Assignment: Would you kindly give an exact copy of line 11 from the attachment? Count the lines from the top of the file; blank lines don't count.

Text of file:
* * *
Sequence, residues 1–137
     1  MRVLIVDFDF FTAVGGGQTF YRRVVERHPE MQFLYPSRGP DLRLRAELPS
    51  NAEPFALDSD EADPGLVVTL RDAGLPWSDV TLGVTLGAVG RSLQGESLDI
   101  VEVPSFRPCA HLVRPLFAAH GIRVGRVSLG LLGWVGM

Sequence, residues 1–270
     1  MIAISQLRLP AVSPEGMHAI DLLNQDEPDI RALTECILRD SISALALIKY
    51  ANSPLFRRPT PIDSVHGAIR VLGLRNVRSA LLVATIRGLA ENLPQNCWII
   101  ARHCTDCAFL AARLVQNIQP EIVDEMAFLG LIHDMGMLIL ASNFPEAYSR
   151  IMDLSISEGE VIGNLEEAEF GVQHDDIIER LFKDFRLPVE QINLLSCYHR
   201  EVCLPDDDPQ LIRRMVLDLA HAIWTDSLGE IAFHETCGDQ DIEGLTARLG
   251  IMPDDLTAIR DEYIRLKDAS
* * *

   251  IMPDDLTAIR DEYIRLKDAS